Educators and parents from across the state today called on the Michigan Senate to reject a proposal that would add more schools to the Education Achievement Authority, which took over 15 public schools in Detroit last year only to see a quarter of the students leave in 2013. The state Senate is expected to vote on House Bill 4369 Wednesday without any public hearings, and despite massive opposition from education experts, superintendents, teachers, parents and many others.
“Parents and students are abandoning this failed experiment in education because it doesn’t work, it’s a disaster and it’s clearly a politically driven power grab that imperils our children’s future,” said Robert D. Livernois, Superintendent of Warren Consolidated Schools. “Once again, politicians are ramming educational policies down the throats of educators and parents without a single hearing or any real partnership with frontline educators who know what works and what doesn’t. That’s why educators are united in urging the Senate to say ‘no’ to this reckless scheme that is being pushed by people with an agenda that doesn’t put our kids first.”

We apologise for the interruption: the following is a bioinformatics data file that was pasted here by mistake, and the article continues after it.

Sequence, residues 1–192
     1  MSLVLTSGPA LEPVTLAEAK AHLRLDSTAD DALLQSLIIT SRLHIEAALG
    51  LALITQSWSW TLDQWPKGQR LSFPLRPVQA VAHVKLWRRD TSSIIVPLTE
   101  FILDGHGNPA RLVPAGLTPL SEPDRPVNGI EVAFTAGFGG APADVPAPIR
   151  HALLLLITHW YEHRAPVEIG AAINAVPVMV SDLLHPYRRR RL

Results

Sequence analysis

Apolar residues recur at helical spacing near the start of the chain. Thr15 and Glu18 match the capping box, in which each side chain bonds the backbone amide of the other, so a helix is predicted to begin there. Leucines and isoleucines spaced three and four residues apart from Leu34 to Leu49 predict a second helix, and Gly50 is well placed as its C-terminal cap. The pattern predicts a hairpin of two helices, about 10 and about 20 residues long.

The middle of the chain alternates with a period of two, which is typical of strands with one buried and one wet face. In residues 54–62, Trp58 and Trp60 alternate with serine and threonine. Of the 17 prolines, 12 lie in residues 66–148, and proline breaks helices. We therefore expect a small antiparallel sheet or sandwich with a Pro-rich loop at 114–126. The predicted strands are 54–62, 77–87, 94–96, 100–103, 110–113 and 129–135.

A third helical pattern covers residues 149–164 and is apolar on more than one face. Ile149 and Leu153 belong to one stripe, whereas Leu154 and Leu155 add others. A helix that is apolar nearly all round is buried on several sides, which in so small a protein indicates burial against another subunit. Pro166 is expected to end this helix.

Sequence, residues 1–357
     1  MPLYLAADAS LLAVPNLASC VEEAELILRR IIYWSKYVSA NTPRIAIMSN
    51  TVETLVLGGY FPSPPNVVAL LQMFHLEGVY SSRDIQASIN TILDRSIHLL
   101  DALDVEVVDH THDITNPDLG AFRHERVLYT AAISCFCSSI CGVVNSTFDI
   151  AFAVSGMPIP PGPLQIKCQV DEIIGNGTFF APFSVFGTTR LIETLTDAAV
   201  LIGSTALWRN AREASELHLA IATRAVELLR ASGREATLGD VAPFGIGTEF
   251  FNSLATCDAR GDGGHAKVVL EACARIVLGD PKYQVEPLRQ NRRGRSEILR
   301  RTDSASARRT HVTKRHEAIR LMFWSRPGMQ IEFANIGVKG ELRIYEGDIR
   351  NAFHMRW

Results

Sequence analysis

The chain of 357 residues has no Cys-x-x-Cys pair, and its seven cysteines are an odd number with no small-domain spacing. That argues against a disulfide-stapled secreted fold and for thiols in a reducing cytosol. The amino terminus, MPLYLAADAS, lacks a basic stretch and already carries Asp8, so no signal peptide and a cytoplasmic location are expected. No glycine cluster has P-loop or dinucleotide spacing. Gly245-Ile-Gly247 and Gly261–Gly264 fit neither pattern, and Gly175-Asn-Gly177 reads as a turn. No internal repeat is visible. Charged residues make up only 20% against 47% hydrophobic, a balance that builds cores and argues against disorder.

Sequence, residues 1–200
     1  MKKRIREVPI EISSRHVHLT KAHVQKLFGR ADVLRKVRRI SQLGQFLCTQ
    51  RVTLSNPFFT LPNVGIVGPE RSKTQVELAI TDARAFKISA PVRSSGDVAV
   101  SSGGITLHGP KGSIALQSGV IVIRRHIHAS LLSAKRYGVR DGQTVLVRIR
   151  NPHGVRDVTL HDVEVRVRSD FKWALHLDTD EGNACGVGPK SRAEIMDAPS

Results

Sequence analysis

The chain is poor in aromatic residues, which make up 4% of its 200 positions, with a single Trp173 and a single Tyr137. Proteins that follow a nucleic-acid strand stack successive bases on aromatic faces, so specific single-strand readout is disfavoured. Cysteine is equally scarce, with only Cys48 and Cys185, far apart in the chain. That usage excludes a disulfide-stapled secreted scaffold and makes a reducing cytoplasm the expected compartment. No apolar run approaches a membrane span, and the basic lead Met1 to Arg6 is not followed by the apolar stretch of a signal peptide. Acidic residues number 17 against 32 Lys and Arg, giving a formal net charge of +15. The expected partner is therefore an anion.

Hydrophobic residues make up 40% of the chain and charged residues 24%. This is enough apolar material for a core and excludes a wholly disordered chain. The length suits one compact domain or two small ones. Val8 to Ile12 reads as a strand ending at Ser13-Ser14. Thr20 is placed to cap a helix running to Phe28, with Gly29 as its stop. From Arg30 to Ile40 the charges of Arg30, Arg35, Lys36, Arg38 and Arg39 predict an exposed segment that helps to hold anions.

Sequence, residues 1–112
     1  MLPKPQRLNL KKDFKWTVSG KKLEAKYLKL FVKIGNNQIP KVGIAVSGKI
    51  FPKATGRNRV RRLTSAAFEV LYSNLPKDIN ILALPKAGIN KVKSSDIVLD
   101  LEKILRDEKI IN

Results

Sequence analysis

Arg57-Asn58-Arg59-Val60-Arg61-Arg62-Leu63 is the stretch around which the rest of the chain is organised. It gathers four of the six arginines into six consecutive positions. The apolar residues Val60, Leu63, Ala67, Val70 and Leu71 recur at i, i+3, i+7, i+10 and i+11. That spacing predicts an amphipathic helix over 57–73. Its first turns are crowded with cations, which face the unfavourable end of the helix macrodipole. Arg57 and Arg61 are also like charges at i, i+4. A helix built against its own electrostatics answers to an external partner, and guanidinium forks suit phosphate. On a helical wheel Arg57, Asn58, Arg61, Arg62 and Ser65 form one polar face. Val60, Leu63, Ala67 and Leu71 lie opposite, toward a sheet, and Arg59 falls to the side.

“After making huge cuts to classrooms and squeezing schools, Lansing politicians are about to make another bad decision and our kids will be the losers again,” said Elizabeth Welch Lykins, a parent from Kent County. “The only metrics that matter is that parents with kids in the EAA chose to walk away. They voted with their feet and we urge the Legislature to do the same by saying ‘no’ to this plan.”
According to the Detroit News, the EAA statewide district formed by Gov. Rick Snyder in 2011 lost more than 2,300 students in its 15 K-12 schools this fall, down from 9,958 last year. In June, the district adopted a $92.3 million budget for 2013-14, based on a projected enrollment of 8,919 — 1,330 more students than it enrolled this fall, according to the state. Educators, parents, education advocates and many others have raised concerns about the EAA, how it educates children and what they call a lack of transparency with public tax dollars.
After costly planning mistakes, the EAA nearly ran out of money in 2012-13 — its first year of operation — and was forced to borrow millions of dollars from the state and take money from Michigan Educational Excellence Foundation, a nonprofit created by top aides to Snyder, to stay afloat, according to the Detroit News on Nov. 22.
“For a governor who claims to rely on metrics and data, all the evidence shows that the EAA is a failed experiment and should be permanently taken out of the state’s educational curriculum,” said Mark Burton of the Tri-County Alliance for Education, representing superintendents in Wayne, Oakland and Macomb counties. “For Lansing politicians to make sweeping changes to educational policies without hearing from educators and shutting out the public is an outrage to students and parents. This is the kind of reckless decision-making that will hurt our kids and send Michigan backwards.”